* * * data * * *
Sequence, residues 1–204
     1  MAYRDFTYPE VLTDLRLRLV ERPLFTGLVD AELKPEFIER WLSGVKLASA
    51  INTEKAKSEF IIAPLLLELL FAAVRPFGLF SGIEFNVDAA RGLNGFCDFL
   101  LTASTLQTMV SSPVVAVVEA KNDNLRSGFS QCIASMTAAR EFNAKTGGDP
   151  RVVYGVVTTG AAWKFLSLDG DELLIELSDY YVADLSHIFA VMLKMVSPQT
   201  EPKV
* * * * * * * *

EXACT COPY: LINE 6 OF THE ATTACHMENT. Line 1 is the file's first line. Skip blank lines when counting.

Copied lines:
   201  EPKV